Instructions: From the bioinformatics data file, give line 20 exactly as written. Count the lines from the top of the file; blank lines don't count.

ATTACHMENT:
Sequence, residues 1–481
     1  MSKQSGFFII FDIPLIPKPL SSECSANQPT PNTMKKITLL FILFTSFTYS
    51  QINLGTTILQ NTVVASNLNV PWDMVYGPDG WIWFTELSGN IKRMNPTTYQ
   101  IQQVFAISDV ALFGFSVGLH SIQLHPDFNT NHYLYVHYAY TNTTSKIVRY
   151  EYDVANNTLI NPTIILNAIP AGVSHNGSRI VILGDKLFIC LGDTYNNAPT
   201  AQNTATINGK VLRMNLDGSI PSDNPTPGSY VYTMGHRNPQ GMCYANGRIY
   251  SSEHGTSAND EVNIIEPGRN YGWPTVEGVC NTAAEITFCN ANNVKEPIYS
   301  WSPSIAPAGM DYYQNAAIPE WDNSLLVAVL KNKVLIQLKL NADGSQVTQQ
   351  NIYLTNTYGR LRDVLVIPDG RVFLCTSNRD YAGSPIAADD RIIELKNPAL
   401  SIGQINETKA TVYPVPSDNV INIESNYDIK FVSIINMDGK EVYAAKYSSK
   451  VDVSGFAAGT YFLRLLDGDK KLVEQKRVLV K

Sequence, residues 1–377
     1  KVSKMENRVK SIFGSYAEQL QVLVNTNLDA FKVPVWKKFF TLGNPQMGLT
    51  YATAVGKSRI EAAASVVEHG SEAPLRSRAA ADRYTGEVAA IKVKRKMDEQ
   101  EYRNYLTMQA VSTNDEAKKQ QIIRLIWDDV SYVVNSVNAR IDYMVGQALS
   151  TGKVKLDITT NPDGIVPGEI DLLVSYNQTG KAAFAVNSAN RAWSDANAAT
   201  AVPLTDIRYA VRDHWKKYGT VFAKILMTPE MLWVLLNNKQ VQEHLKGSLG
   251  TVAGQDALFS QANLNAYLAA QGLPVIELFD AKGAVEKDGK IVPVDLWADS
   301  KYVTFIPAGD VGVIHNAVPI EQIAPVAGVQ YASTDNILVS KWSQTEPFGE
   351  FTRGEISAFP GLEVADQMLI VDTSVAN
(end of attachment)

   351  FTRGEISAFP GLEVADQMLI VDTSVAN